Israel occupied the Gaza Strip between 1967 and 2005, when it withdrew its army and forcibly evacuated 21 Jewish settlements in the territory.
Avi Farhan, 77, was among the evacuees and told CBC News at the conference he couldn’t wait to return.
“If Palestinians change their way of thinking, we can build a riviera from Ashkelon to El Arish that will be as successful as the others,” he said.
But the vision of most of the future settlers at the event did not include land sharing.
“The only thing that will bring security (for Israel) is for the Jewish settlements in Gaza to join forces with our (defense forces) running the region,” Malkere Balhi said.
The war has displaced hundreds of thousands of people
Israel’s air and ground attacks on Gaza have left the territory in ruins. Gaza’s health ministry says more than 26,750 Palestinians have been killed so far in the war, the vast majority of them civilians.
A recent World Bank study concluded that 45 percent of buildings in Gaza are likely damaged beyond repair, and it is unclear whether hundreds of thousands of people who were forced to leave their homes will be able to return.
Many on Israel’s right hold the unwavering belief that the 2005 withdrawal helped Hamas gain a foothold in Gaza and directly led to the October 7 attacks. What would happen to the more than 2.3 million Palestinians living there today is something they don’t mind. with.
In his speech at the conference, Ben-Gvir said: “We must encourage voluntary migration.”
When CBC News asked Israeli lawmaker Moshe Feiglin, leader of the far-right Zehut party, if he thought Palestinians should be forcibly expelled from Gaza, he replied “absolutely.”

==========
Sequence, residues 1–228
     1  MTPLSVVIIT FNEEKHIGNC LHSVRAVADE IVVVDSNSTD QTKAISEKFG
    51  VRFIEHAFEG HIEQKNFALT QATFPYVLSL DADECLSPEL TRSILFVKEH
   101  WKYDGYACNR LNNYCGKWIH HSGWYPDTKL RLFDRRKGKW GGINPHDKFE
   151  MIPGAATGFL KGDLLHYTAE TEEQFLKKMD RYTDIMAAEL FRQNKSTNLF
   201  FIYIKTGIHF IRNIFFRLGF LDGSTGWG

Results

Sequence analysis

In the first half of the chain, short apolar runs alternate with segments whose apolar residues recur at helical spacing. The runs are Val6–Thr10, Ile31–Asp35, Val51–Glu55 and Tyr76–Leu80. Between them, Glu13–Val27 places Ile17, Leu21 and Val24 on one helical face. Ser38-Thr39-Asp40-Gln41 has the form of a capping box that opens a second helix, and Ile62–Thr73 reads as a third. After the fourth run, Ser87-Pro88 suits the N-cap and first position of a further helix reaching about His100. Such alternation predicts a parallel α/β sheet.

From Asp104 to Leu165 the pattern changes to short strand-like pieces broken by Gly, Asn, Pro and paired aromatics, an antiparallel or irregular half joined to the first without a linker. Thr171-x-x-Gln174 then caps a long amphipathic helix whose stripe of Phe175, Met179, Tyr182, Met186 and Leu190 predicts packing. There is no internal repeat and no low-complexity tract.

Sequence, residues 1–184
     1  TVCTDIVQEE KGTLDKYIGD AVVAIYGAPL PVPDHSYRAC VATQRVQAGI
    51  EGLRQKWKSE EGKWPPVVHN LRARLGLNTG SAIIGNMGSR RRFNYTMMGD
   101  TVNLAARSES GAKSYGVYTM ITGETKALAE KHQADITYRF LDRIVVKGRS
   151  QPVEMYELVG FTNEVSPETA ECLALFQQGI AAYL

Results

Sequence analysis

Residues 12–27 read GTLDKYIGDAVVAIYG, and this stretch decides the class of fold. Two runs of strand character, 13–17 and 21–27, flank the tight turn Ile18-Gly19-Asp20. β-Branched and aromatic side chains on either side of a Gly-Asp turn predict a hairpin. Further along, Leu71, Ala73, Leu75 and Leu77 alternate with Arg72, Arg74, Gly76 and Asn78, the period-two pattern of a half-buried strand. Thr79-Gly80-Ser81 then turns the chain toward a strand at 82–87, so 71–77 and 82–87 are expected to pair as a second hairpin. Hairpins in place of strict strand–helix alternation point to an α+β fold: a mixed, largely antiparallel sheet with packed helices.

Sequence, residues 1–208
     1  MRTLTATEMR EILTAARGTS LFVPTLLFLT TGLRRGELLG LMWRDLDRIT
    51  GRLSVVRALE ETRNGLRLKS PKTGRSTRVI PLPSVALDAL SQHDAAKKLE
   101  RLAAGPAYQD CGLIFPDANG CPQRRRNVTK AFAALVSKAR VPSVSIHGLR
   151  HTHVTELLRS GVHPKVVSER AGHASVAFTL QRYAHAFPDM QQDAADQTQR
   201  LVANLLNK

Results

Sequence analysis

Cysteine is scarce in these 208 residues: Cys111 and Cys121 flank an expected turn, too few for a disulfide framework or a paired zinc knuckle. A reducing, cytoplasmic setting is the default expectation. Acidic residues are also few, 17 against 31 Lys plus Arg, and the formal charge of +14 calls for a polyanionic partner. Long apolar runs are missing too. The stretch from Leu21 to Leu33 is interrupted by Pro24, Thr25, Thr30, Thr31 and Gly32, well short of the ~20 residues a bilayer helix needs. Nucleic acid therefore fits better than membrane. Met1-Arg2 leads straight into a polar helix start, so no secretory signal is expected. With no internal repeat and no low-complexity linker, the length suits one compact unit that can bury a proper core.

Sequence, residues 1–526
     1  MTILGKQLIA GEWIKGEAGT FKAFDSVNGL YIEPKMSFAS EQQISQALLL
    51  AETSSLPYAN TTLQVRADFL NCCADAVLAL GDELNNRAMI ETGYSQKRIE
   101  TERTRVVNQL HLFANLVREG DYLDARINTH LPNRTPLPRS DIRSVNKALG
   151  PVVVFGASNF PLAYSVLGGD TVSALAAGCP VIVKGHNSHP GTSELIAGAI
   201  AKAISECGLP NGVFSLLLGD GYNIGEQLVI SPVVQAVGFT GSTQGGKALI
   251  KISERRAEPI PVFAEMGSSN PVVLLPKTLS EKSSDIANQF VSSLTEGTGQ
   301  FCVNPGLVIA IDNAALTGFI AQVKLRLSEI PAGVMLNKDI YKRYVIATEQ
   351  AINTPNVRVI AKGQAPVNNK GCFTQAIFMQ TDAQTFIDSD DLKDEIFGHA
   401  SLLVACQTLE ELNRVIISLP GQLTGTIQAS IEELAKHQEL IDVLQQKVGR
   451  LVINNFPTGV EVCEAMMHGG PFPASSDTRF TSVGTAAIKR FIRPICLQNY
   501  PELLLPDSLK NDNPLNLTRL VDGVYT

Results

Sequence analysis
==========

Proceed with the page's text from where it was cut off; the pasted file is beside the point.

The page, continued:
Beyond the conference, many Israelis are expressing frustration or anger that the settlement issue is being discussed while fighting continues. Opposition leader Yair Lapid said such remarks were a “disgrace” and illustrated how Netanyahu’s government had been captured by extremists.
Relatives of Israeli hostages in Gaza are not happy either. Ofri Bibs, whose brother is being held by Hamas militants, said the scenes of the conference of ministers dancing and celebrating a potential return to the territory amounted to “dancing on the blood of the kidnapped and on the blood of the soldiers who were there.” are killed”.
Scheindlin, the political analyst, believes the large turnout for the event — estimated at 5,000 people — should serve as a warning to Canada and other supporters of Israel.
“What he should be saying to Israel’s allies is to listen to what their intentions really are. This is the kind of direction the government could actually take.”